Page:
It wasn’t long before we were all a bit complacent and Ruth took a tumble. Thankfully nothing worse than a knock to the ego and a couple of rather harsh bruises, but we all made sure to check our footing and focus on our balance from that point onwards. It’s interesting doing activities with an extra 15kg on my back: I tire quicker and my temper is a bit shorter when I come across obstacles I know I should be able to tackle but with a cumbersome rucksack, it’s much harder. From this point onwards, my attention was on points of contact with the rocks and slow mavoeuvring across the surface.

I’m always pleasantly surprised when I complete something that’s well out of my comfort zone. There were moments on the rocks where I thought about going back down and taking the designated path but I wouldn’t have got the same amount of satisfaction at the top. I also wouldn’t have liked to have descended what I’d already gone up!

It was just approaching dusk as we set foot at the summit of High Stile. The four of us turned to take in the view over Crummock Water and beyond to Dumfries and Galloway. The sun created a warming glow to end the day but this was quickly contradicted with the onslaught of our little friends.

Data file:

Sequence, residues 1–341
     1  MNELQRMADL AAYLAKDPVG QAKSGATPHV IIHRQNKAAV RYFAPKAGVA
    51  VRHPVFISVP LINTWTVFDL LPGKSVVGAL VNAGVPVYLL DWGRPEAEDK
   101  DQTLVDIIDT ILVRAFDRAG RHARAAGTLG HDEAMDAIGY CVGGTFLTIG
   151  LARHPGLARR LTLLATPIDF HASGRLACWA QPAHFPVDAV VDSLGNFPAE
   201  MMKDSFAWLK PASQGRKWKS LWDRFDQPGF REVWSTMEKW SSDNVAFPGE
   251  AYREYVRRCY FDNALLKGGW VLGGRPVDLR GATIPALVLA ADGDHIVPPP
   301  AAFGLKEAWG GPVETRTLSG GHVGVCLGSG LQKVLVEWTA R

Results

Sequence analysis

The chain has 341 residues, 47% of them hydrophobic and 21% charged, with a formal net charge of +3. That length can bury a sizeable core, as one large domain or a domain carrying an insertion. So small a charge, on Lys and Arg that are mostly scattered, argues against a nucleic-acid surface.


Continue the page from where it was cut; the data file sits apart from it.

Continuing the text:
Midge mania

We’d dodged Scotland not only because of the impending apocalypse of thundery showers but also for the midge swarms we’d seen earlier on videos scattered across social media. Having learned that midges love still, warm, moist conditions, it was no surprise when we settled down for the evening that they gravitated towards us. As I was the only one in our group with a midge net, the others quickly became envious and forged their own from whatever garments remained in the rucksacks. Still, they nibbled at my calves and my lower back leaving me with polka dot skin to flaunt the next day.

Fed and bed

We pitched our tents on the flattest and least rocky ground we could find at the top, while dancing between the swarms of midges hoping none found their way inside. With water boiling for our tortellini and tenderstem broccoli and the sun constantly delivering increasingly beautiful sunsets, we hopped from rock to rock enjoying the panoramic views. We ended up with boiled midges peppered all over our food so I guess I took a day off from my vegetarian lifestyle! Still, we can’t argue that we don’t eat well on our trips and good food means good energy for the next day.

We all retreated to our various abodes in our tent village for the evening and while Andy’s final words suggested he’d be up with the sparrows to see the sunrise over Fleetwith Pike, I knew this to be wishful thinking.


The kettle was on, as were the sun’s rays, as were the midges from the night prior. My thighs and lower back weren’t allowing me to forget the torture of yesterday but my mind was poised for the day ahead. It looked like we had a short descent on to the ridge to our right then a couple of small lumps to get over before beginning the descent to the car park. We were so very wrong in so many ways.